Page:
The action was commenced on October 28, 1924. On November 19th the attorneys for the defendant served a written demurrer to the complaint as follows:
"Now comes the defendant, Western Union Telegraph Company, by Nelson Mullins, its attorneys, and demurs to the complaint of the plaintiff herein on the ground that it appears upon the face thereof that the said complaint does not state facts sufficient to constitute a cause of action, in that:
"(1) It appears from the allegations of the complaint that the publication attributed to the defendant is neither defamatory nor libelous, and is, therefore, not actionable.
"(2) Because the publication or language attributed to the defendant is not libelous per se, and there is no allegation of any special damage sustained by the plaintiff.
"(3) Because the alleged defamatory words are not actionable per se and there are no allegations of any extrinsic facts and circumstances from which the publication complained of could fairly or reasonably be construed to have any libelous or defamatory meaning."
The matter was heard before his Honor, Judge Dennis, who signed a formal order overruling the demurrer on April 29, 1925, and from that order the defendant has appealed, upon exceptions which raise practically the same questions raised by the demurrer.
The Sheriff of Dorchester County had undertaken a gratuitous service for the plaintiff; he sent a message to him relating to that service, and very properly sent it "collect", as it concerned only the plaintiff, who was under an obligation to pay for it. It was not paid for on delivery, the agent accepting the statement of the plaintiff's wife that he would call and pay for it. Five days later, still not having been paid for, the agent at St. Matthews, in order to insure collection, wired the agent at Summerville that it had not been paid for, with the manifest purpose of having collection made from the sender of the message, who was legally responsible for the tolls in case the addressee failed to pay.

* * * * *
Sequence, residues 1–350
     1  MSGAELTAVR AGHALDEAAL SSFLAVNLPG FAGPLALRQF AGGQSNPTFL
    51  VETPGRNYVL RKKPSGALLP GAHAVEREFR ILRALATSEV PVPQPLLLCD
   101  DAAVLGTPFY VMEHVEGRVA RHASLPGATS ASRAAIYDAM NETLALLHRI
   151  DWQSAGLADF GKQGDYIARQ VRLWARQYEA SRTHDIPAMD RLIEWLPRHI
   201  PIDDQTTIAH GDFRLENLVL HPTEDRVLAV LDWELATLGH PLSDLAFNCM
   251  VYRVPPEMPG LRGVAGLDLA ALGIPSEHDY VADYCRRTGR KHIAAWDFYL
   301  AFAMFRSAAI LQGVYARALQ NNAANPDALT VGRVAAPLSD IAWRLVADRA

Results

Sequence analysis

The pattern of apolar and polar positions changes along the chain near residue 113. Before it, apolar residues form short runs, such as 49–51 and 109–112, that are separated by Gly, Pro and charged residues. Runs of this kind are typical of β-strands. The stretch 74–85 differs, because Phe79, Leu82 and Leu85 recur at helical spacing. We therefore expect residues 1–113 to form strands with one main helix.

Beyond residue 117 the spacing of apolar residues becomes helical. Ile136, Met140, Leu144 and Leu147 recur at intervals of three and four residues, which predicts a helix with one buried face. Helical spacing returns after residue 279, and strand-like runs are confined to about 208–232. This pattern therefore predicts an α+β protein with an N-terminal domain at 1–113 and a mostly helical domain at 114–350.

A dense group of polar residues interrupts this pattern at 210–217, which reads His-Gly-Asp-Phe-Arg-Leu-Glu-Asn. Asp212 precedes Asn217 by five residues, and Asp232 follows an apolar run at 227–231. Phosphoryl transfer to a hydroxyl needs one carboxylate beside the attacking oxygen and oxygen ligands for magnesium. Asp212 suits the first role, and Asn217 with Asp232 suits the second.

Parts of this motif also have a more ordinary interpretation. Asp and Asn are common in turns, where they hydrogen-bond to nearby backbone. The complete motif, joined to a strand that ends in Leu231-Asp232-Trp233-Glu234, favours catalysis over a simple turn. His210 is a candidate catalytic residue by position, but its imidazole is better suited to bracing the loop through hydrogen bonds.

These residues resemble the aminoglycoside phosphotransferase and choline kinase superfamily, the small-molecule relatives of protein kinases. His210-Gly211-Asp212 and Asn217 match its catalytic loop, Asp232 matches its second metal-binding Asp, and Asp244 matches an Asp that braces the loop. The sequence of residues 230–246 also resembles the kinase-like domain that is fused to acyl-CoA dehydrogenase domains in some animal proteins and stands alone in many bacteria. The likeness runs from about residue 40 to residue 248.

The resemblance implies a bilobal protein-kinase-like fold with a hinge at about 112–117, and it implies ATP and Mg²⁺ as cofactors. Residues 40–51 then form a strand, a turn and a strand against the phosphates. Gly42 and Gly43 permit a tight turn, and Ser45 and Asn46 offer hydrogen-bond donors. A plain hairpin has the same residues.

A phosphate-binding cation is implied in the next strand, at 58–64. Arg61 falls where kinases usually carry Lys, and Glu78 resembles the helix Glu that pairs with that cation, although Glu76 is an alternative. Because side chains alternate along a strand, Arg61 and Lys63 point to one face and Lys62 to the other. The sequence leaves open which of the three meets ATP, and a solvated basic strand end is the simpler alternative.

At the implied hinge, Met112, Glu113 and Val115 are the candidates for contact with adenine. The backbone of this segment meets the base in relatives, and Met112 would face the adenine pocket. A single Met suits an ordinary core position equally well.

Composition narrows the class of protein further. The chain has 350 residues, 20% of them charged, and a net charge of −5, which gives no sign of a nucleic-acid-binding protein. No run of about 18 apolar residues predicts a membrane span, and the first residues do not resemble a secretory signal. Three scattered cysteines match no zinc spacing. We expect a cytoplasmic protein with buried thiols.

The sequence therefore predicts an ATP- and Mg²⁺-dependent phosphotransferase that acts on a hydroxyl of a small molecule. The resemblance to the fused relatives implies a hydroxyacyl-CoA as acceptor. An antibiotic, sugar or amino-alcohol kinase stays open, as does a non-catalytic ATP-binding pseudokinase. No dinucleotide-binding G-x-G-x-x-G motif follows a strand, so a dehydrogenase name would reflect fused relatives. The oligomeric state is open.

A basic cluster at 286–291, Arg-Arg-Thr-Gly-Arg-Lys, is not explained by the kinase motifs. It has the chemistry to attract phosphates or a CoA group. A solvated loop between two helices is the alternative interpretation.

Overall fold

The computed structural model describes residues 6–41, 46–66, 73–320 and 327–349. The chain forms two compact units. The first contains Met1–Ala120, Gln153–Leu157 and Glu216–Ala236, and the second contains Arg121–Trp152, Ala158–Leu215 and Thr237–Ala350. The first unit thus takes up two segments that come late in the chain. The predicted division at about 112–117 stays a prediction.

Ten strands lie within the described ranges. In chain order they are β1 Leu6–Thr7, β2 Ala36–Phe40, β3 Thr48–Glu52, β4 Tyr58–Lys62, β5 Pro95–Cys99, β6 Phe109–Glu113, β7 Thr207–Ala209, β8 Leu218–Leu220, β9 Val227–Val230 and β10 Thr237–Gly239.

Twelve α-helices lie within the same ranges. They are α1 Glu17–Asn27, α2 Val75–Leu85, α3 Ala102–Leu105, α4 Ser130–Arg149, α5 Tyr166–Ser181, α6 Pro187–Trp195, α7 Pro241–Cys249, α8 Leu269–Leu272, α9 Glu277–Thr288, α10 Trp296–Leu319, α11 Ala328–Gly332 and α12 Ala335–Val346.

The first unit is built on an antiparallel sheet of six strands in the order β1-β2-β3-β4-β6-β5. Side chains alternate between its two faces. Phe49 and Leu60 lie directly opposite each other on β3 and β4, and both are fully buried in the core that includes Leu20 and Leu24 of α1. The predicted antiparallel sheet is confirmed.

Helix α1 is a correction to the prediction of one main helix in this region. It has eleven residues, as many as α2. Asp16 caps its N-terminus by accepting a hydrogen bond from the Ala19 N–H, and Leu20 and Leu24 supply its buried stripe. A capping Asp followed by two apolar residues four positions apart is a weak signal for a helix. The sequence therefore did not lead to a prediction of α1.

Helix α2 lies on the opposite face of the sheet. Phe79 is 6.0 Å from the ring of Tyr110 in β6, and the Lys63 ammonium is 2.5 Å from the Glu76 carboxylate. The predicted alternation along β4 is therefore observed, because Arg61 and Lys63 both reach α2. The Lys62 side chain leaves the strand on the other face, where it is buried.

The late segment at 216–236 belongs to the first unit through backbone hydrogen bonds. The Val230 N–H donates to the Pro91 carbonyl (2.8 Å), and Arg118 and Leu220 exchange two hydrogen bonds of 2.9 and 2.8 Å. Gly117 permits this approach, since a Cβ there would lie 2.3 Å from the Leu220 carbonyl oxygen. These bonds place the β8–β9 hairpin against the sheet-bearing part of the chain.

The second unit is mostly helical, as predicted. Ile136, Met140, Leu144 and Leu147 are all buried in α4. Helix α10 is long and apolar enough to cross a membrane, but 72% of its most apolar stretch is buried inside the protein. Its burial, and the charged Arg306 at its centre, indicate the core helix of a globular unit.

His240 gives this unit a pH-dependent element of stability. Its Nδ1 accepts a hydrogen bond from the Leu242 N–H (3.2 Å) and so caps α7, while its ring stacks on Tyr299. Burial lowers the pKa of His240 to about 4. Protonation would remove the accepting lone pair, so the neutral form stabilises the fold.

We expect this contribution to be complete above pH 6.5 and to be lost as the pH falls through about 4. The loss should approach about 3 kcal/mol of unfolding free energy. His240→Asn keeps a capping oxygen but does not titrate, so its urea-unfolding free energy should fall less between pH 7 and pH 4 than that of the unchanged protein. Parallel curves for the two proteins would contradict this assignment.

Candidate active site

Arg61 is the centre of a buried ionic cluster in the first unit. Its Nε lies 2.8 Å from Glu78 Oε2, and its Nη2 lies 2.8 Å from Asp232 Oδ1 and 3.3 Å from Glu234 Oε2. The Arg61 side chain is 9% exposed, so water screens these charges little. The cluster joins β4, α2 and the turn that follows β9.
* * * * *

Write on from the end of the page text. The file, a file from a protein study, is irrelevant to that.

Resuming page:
The objectionable portion of the message is "Party promised to pay and refused"; and the main question is, Are those words libelous per se? If they are not, it is clear that no special damages are alleged, and no extrinsic circumstances are alleged which would render libelous per se words which otherwise are not, and the complaint is, therefore, demurrable. The complaint does not allege that the charge was false, and the allegations of willfulness and wantonness, and that the publication "was slanderous and libelous and was of such tenor as to impugn the integrity, honor, and character of the plaintiff, and to hold him up to the criticism and obloquy of the public and to injure his business and occupation," are but the conclusions of the pleader and add nothing.
We are satisfied with the law as thus declared in the case of Nichols v. Daily Reporter Co., 83 P., 573; 30 Utah, 74; 3 L.R.A. (N.S.), 339; 116 Am. St. Rep., 796; 8 Ann. Cas., 841:
"We then have the question reduced to the following proposition: To write and publish of one not a trader or merchant, and not of or concerning his business or affairs, that he is indebted to another, and, though able to pay, has neglected or refused to do so, is that such an impeachment of honesty, or does it import such degradation of morals or character, or expose him to public hatred or ridicule, or tend to disgrace him, as a Court can say its publication necessarily must, in fact, or, by a presumption of evidence, occasion damage and pecuniary loss to him, and, therefore, he was relieved from otherwise alleging or proving any? We think not."
It adds nothing to the enormity of the offense to charge that the plaintiff promised to pay and then refused; for the obligation resting upon him constituted an implied promise.
The judgment of this Court is that the order appealed from be reversed, and that the complaint be dismissed.
MESSRS. JUSTICES WATTS, BLEASE and STABLER, and MR. ACTING ASSOCIATE JUSTICE R.O. PURDY concur.
MR. CHIEF JUSTICE GARY did not participate.